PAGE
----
Dear Editor

Recovering Arms Deal cash futile

Corruption soaks up lots of money. So did the Arms Deal, the World Cup stadiums and a host of other things – money that could have gone to upliftment of housing, health and education. Even with all the wastage, the government still has billions to spend on housing, health and education, yet what is achieved? Poorly built houses, and health and education systems that are a disgrace. Therefore, it’s not the amount of money that counts, it’s how effectively you spend it.

There is thus no point in recovering the Arms Deal money if it is simply going to be returned to the same people who misspent it in the first place. Regardless of how much money becomes available, ostriches won’t fly, apples won’t fall upwards, and governments without the right qualifications and attitude won’t ever be able to uplift their citizens.

Ron McGregor
Cape Town

Moonshine’s magic

The shutting down of Kate Carlyle’s Mustardseed and Moonshine pottery (nose156) has to be Cape Town’s saddest tragedy of 2012. Kate’s heart and soul have been poured into her creations for 25 years. One can hardly imagine the utter disappointment she has endured. And her staff of 40 also took a hard knock when retrenched.

Take heart, nobody can take your knowledge away from you. One day soon, the sun will shine on your creations again.

Rob Atkinson

Bar Council: Land Time Forgot

As reported in nose153, in January last year I lodged a complaint with the Johannesburg Bar Council concerning the alleged misconduct of both the advocate that appeared for me as the plaintiff, Advocate Nigel Riley, and the advocate who represented the defendant, Advocate G D Wickens, in a case heard in the South Gauteng High Court. (Both advocates claimed to have acted on the advice of senior colleagues at the Bar.) More than a year-and-a-half later, I sent the Bar Council a note asking about the outcome of their enquiry. This is their response:

A letter has been addressed to the Chairperson of the panel from the Secretary of the Professional sub-committee, requesting certain information. Once this comes to hand I am sure that you will be notified of the outcome. I will forward this email to the Secretary.

Kind regards
Pam Irvine
Johannesburg Bar Council

What do I do now?

J Tobias
Highlands North

The game’s called pass-the-parcel. Played by lawyers, it can go on for years. We’ll be counting down the months as a barometer of just how lax the Johannesburg Bar is when it comes to professional ethics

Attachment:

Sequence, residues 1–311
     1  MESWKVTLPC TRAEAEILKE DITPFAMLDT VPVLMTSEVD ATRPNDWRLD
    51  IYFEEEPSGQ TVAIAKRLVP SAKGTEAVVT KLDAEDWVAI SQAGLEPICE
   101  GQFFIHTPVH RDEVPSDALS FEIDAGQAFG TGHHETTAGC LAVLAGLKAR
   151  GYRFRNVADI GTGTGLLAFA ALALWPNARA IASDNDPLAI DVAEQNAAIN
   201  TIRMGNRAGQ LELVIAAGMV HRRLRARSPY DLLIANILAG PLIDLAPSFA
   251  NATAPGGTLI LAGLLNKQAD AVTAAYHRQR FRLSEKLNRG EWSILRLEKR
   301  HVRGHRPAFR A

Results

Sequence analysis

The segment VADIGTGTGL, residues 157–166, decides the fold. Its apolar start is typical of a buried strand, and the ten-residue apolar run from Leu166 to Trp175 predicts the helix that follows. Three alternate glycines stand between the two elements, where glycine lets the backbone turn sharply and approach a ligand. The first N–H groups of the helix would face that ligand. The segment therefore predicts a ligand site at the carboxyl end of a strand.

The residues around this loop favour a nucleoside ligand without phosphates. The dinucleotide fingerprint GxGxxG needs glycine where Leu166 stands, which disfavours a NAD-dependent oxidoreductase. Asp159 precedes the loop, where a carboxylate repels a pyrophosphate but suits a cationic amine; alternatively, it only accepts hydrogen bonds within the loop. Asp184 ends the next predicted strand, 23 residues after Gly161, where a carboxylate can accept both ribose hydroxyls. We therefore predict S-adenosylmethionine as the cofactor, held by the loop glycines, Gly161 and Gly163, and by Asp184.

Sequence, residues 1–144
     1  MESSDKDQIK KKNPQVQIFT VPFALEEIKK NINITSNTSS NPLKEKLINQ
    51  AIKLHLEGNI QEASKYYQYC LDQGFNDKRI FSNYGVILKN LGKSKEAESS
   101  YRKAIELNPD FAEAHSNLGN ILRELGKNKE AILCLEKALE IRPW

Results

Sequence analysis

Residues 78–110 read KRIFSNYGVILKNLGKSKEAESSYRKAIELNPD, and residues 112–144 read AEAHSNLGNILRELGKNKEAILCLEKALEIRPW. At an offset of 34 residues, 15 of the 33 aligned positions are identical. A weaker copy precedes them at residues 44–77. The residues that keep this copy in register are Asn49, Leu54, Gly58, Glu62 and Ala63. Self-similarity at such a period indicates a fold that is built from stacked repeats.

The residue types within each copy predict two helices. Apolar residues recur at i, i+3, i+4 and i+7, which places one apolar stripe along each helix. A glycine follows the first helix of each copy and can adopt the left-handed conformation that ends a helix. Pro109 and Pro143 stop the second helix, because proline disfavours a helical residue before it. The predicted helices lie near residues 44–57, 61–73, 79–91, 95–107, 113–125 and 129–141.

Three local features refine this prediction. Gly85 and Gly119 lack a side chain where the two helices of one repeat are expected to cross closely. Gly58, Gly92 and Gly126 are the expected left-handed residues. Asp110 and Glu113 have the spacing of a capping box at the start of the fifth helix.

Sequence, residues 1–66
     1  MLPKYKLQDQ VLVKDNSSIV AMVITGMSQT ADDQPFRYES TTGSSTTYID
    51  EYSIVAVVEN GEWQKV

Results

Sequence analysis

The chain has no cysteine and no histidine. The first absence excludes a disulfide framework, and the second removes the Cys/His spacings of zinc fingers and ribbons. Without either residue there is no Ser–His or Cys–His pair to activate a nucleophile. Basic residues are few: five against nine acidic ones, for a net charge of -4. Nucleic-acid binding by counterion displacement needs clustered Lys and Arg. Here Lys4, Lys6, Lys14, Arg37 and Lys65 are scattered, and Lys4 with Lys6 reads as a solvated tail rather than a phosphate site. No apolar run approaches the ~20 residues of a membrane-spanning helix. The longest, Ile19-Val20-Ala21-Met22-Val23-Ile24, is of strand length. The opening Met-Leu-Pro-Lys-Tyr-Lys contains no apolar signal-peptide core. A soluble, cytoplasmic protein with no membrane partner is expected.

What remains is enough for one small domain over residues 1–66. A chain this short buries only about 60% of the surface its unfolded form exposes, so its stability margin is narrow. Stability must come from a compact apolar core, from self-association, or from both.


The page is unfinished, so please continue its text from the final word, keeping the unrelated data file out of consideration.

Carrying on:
. – Ed.

Stranded by Transnet gravy train

I am a pensioner member of the Transnet Second Defined Benefit Fund. The real value of my current monthly pension is just 22% of the real value of my pension in 1996.

S A van der Spuy

In December 2006 Noseweek reported that in her first 29 months as CEO of Transnet, Maria Ramos’s earnings were R12.2 million. A 53% salary increase that year, plus a performance bonus of R2.9m, took her annual earnings to R6.9m. That fat bonus had a great deal to do with her skill at helping Transnet slither out of its debt to its pensioners. Lest we forget. – Ed.

For the record

Last month Karen Loseby of Rondebosch asked Noseweek to follow up on pension fund administrator Aubrey Wynne-Jones  who, she believed, had defrauded the Catholic Pension Fund. She was mistaken. Although the SA Catholic Schools Pension Fund was once administered by Wynne-Jones, it was a “defined contribution” scheme and could not, therefore, have had a surplus which might have been “stolen”.

Peter Ross, principal of Christian Brothers College, Pretoria and a trustee of the fund, confirms there was no fraud and that Loseby receives the full pension to which she is entitled.

Wynne-Jones is among those who were arrested in 2006 on charges related to the alleged misappropriation of “surpluses” from various pension funds. Since then, the regulators and prosecutors involved in the cases have been as surrounded by scandal as the accused. His trial is set to commence only in July 2013. He has denied culpability on all charges.

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Submitted by : R YOUNG of RONDEBOSCH on 2012-10-25 09:14:38
If it were possible, returning the equipment to the governments of the suppliers for a refund plus interest, would be very good.

Then the Treasury could allocate the necessary back to the DoD which could then purchase the right equipment with the right acquisition processes under the beady eyes of the Fourth Estate and Civic Society.

The DoD could ensure that not only the correct equipment was purchased , but that there were allocations for system support including ammunition, spares, fuel and training out of the Special Defence Account and not the SANDF Arms of Service annual running budgets.

So it's actually not so futile.

But is it possible?

But other than the money, the crooked natural and corporate personae, especially the latter, should be sanctioned as severely as the laws allow: natural persons get a minimum of 15 years in the slammer with a daily ration of hypertension medication while juristic persons get blacklisted from any government contracts for a minimum of 20 years, plus a report to the OECD.


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